28 March 2009

Chart in Javascript

There aren't enough bar-chart-drawing implementations out there yet, so this article will present the best one yet. It looks like this:

a chart made with javascript

Or several little charts in a row, like this:

several bar charts in a row


  • Really easy to use
  • mouse move highlights bar under mouse
  • pops up tooltip with information for the bar under the mouse
  • All colours are configurable
  • Scales data automatically to height of canvas
  • Calculates thickness of bars automatically so all fit in the width of the canvas
  • Redraw data as often as you want - for example with data from an ajax call

The tooltip is missing from this screenshot. My mac hides the tooltip before it takes the screenshot unfortunately.

Anyway, I'd like to convince you that it's really, really easy to use. Supply your data in JSON format like this:

var data = [
[ "week 1", "1000" ],
[ "week 2", "2000" ],
[ "week 3", "3000" ]

Declare a canvas element:

<canvas id="weekly_chart" width="200" height="80"></canvas>

Then just call the Chart(canvas_element, bar_colour, bg_colour, hilite_colour) constructor:

var chart = new Chart($('weekly_chart'), "rgb(128,128,255)", "rgb(0,0,0)", "rgb(255,255,128)");

Then, draw your data


It couldn't be simpler!

Here's the code. Just include it somwhere in your page. It's free under a Creative Commons Attribution Share-Alike 3.0 license - you can use, re-use, modify, redistribute, as long as you link back to this page and (re)distributions carry the same or a compatible license. It has a slight dependency on Prototype (2 calls) but you jQuery people will fix that quickly (in fact, you might even leave a comment with the jQuery alternative). Theoretically, it will work on Internet Exploder using Google's excanvas, although I haven't tested this configuration.

(function() {
  function max(data) {
    var max = 0;
    for (var i = 0; i < data.length; i++) {
      if (data[i][1] > max) {
        max = data[i][1];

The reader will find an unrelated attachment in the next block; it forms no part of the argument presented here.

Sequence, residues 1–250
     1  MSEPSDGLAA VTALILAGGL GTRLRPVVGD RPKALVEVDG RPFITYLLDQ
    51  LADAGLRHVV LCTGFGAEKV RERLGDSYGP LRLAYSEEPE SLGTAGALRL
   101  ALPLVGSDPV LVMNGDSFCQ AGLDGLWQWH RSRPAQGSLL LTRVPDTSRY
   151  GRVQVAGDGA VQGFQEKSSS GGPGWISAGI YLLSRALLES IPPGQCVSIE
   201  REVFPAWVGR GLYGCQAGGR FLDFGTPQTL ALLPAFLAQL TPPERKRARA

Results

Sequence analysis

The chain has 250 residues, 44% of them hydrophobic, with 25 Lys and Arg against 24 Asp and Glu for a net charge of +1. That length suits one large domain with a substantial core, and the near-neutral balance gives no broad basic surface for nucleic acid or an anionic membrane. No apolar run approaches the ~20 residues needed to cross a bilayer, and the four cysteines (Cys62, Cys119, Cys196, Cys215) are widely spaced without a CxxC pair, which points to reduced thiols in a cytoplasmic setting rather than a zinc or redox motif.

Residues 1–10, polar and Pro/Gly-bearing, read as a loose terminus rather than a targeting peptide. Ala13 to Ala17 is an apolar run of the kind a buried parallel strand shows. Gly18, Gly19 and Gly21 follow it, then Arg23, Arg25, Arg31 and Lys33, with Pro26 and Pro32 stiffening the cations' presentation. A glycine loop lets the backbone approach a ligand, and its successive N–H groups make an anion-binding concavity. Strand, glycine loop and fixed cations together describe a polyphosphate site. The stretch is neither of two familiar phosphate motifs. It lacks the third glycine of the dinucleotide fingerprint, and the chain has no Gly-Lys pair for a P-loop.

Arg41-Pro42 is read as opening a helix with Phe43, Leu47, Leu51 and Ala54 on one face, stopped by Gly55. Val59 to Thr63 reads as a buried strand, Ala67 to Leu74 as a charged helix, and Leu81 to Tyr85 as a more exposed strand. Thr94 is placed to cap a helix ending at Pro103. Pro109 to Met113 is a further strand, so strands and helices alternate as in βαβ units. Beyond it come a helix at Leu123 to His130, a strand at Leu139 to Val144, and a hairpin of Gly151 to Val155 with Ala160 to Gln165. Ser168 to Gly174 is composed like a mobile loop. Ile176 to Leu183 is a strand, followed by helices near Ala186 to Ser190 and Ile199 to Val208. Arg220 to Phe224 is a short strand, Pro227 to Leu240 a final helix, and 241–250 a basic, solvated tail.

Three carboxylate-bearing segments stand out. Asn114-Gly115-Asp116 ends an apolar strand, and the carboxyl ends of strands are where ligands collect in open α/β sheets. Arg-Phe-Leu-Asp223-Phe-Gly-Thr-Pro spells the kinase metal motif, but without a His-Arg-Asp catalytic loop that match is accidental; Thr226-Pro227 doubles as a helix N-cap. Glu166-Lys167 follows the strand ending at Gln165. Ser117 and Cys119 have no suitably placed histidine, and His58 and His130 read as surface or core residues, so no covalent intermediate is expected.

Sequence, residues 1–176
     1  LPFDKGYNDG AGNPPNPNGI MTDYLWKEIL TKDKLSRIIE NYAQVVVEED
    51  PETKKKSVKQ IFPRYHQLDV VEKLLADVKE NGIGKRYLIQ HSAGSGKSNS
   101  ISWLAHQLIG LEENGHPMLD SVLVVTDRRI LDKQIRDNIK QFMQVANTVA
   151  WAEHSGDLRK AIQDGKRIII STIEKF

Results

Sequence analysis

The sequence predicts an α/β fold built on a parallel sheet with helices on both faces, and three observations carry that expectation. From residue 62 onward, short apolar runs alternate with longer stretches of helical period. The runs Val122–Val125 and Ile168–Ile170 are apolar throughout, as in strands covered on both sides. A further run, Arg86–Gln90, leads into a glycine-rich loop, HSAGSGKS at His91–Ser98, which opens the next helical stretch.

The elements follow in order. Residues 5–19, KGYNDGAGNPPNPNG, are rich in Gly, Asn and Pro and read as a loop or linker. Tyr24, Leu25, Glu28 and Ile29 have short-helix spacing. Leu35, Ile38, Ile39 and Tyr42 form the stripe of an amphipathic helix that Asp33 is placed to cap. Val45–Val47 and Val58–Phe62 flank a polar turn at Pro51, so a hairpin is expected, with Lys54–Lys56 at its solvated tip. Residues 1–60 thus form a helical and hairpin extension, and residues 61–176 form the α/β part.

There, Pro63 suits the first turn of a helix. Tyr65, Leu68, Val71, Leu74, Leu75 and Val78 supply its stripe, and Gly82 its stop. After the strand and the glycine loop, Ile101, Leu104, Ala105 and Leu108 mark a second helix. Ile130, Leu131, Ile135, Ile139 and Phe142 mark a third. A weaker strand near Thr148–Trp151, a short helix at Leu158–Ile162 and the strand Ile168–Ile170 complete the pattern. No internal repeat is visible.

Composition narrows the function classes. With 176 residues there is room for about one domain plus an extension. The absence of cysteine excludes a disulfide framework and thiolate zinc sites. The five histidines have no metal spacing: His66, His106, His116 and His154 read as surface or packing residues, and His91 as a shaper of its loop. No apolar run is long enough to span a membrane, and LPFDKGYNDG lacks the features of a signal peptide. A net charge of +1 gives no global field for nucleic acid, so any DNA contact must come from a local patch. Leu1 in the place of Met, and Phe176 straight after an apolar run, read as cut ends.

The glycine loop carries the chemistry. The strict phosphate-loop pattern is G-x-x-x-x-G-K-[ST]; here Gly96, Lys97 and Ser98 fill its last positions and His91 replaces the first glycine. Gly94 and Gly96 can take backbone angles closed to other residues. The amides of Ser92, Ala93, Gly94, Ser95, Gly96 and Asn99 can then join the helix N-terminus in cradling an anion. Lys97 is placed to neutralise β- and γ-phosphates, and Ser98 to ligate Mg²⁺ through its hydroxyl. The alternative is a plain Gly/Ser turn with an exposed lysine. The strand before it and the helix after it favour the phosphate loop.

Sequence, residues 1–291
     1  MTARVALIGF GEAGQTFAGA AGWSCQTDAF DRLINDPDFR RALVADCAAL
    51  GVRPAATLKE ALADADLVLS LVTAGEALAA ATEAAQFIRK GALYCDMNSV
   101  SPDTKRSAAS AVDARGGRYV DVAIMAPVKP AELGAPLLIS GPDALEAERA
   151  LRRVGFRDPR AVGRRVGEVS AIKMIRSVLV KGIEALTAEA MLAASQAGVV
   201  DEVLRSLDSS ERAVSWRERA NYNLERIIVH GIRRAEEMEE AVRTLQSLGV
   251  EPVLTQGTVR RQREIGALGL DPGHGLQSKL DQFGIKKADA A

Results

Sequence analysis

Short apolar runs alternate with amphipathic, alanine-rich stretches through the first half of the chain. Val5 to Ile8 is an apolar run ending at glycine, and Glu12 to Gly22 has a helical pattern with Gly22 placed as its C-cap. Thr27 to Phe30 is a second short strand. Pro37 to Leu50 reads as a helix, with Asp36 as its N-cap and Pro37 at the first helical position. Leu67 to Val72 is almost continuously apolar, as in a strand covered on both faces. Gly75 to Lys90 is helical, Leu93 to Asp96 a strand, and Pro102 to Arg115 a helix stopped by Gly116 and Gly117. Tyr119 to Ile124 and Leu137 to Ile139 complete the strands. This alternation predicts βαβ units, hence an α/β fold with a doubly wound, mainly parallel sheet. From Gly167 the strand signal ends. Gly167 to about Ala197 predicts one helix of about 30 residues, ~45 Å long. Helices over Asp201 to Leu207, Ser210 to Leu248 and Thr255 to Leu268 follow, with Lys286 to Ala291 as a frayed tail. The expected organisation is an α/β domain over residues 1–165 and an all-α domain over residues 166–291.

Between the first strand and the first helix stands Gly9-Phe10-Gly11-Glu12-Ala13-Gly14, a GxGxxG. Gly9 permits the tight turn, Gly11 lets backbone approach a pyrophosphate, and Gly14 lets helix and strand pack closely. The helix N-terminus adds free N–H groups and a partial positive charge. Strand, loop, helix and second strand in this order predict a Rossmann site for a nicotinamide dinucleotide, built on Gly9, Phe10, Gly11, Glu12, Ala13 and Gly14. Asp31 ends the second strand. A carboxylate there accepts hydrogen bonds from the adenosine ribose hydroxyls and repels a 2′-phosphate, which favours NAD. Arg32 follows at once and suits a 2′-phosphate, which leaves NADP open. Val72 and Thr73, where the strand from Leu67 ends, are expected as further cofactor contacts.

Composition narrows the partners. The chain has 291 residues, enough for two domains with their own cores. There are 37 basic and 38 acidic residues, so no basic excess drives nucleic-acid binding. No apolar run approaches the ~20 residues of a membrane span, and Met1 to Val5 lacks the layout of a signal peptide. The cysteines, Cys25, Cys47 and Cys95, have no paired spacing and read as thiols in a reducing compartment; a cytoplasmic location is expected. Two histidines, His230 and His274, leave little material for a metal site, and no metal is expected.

return max;

  function coords(event, element, f) {
    var offset = $(element).cumulativeOffset();   // $ from prototype
    var p = Event.pointer(event || window.event); // Event.pointer from prototype
    var y = p.y - offset.top;
    var x = p.x - offset.left;
    f(y, x);

  window.Chart = function(canvas, fg, bg, hilite) {
    if (!canvas || !canvas.getContext) {

    var cx = canvas.getContext('2d');

    this.draw = function(data) {
      cx.clearRect(0, 0, canvas.width, canvas.height);
      var thick = canvas.width / data.length;
      var scale = canvas.height / max(data);

      function highlightBars(index) {
        cx.lineWidth = 1;

        for (var i = 0; i < data.length; i++) {
          if (i == index || i == (index + 1)) {
            cx.strokeStyle = hilite;
          } else {
            cx.strokeStyle = bg;
          cx.moveTo((i * thick) + 0.5, 0);
          cx.lineTo((i * thick) + 0.5, canvas.height);

      cx.fillStyle = bg;
      cx.fillRect(0, 0, canvas.width, canvas.height);

      cx.fillStyle = fg;

      for (var i = 0; i < data.length; i++) {
        var h = data[i][1] * scale;
        if (!isNaN(h)) {
          cx.fillRect(i * thick, canvas.height - h, thick, h);


      canvas.onmouseout = function(event) {

      canvas.onmousemove = function(event) {
        coords(event, canvas, function(y, x) {